[Diocese of Chicago] Karina Rodriguez was worried when her parish, St. Michael and All Angels in Berwyn, Illinois, was named a distressed parish back in January.
“Our church is like a family,” said Rodriguez, a former senior warden and current member of the vestry. “When words like ‘distressed parish’ came up, naturally we became defensive. We wanted to protect what we’d built.”
But by October, St. Michael’s had shed the distressed parish designation, and strengthened its understanding of church governance and administration in the process. The parish also acquired a new priest-in-charge, the Rev. Jaime Briceño, and a deeper understanding of its mission in a diverse community that includes both Anglos and Latinos.
St. Michael’s story is uniquely its own, but its experience in the distressed parish process illustrates some ways in which the diocese can be helpful to parishes in trouble. Those include technical expertise, emotional support and, sometimes, financial assistance.
“I think what helped the most was having a relationship with the diocese,” Rodriguez said. “Once we understood what kind of help we could get, things began to fall into place.”
At the root of St. Michael’s problems was a cluster of misunderstandings, about its finances, about the role of the vestry and, most importantly, about the relationship between the parish and The Angels Daycare facility, which operates on the church’s property.
These misunderstandings came to the fore when the parish’s last rector, the Rev. Carlos Plazas, departed two years ago, taking a significant amount of the parish’s institutional memory with him. After his departure, the parish believed it could no longer afford even a part-time priest, and that its only alternative was to plug on faithfully without one.
“They still had a community, even though they didn’t have a priest,” said Mike Mattson, a diocesan trustee who was on the distressed parish team that worked with St. Michael’s. “The vestry really wanted to make this work.”
The distressed parish team quickly learned that while the parish understood The Angels Daycare, which had been providing affordable day in the community for more than 18 years as a tenant, it was, in fact, a ministry of the parish, originally established “to provide a way for people in the community to come and learn more about St. Michael’s,” Mattson said.
“Once we got in and we looked at the finances, it turns out they are a self-sustaining parish,” he added. “There was enough money being generated by the nursery school to help sustain the parish.”
The parish, which had taken a largely hands-off approach to the daycare, took a while to absorb this new information.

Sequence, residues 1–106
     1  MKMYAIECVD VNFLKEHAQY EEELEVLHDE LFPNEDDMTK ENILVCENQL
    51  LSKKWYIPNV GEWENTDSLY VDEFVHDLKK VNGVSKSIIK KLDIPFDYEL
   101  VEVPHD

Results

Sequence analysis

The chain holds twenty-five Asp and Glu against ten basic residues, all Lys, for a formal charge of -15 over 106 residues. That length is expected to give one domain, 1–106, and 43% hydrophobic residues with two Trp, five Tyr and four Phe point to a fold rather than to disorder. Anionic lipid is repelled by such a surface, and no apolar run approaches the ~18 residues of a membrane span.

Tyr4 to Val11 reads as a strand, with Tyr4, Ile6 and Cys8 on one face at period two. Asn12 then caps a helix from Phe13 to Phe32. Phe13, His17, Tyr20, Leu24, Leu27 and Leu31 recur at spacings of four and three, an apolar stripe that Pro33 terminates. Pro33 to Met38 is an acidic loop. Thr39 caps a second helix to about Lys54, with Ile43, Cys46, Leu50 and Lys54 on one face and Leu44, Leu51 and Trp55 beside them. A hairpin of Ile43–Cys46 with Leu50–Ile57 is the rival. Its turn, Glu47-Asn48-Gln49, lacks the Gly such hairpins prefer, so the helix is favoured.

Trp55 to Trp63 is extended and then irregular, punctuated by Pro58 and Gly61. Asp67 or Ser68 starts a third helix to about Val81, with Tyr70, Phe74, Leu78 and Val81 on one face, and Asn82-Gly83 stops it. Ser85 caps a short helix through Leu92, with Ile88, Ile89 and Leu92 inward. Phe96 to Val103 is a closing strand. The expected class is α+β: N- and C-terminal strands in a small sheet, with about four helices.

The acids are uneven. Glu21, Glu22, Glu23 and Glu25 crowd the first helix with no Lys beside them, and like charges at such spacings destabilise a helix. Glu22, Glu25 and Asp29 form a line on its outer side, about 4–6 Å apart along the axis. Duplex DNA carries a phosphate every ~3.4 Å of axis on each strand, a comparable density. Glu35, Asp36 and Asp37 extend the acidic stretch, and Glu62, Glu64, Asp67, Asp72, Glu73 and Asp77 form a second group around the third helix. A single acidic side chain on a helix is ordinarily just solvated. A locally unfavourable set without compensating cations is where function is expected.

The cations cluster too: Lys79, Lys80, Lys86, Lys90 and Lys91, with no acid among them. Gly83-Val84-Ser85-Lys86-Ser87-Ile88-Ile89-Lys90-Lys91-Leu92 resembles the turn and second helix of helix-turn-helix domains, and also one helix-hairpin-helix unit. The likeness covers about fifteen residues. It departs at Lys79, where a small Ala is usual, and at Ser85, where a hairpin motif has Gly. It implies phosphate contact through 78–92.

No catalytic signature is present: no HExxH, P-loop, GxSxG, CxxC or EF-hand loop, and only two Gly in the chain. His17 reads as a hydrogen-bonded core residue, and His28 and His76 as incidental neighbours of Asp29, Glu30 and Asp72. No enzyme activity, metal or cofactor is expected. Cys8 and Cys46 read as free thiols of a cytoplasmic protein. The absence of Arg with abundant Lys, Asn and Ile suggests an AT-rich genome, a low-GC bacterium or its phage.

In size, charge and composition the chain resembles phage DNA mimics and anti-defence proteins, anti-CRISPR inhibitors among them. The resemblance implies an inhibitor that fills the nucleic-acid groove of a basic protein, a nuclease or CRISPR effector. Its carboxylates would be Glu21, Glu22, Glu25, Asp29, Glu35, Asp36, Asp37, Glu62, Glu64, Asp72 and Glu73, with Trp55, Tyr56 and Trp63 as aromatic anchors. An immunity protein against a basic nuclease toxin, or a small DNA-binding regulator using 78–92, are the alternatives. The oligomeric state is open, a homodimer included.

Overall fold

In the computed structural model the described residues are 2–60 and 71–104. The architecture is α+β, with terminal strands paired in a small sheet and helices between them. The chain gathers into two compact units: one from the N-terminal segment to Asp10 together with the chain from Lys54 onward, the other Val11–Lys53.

“Because the period of transition has been long and rocky, it took a while for people to understand that, yes, the daycare is your ministry and you have a great blessing and a great presence in the community, but you are responsible for it,” said Briceño, who became priest-in-charge in July.
Diocesan help didn’t end with the work of the distressed parish committee, however. Briceño’s part-time salary and benefits are being paid for the next three years by a grant from Chicago Leadership Fund, a fund within the diocesan endowment. The grant was authorized by the endowment’s trustees.
“He is what they really needed,” Mattson said. “Jaime is a very good leader. He was able to go in and get to know various groups within the church, and get them to work together and talk, and that has been a big thing.”
Briceño says he is learning on the job, especially in overseeing the daycare with the help of head mistress Judith Delgado.
“I think the biggest challenge right now is COVID,” he says. “It makes it really difficult to create a relationship. We’ve done a lot of things fast, and a lot of those have been very good. But I now have to figure out what to do now. With COVID, a lot of the normal things you think are ways to make church or create community or relate to people are not available. It makes it very hard when you do not get to see your parishioners every Sunday or hang out with them at coffee hour.”
But Rodriguez, a vestry member, is enthused about the congregation’s future under Briceño’s leadership.
“Jaime understands how things run,” Rodriguez said. “He is building our website, inviting people to our Facebook page.” She said the parish is beginning to look ahead and consider what other services it can offer to the surrounding community, “whether that’s mental health services or college prep services to students or growing the childcare, getting more people to attend church. Just growing in general.”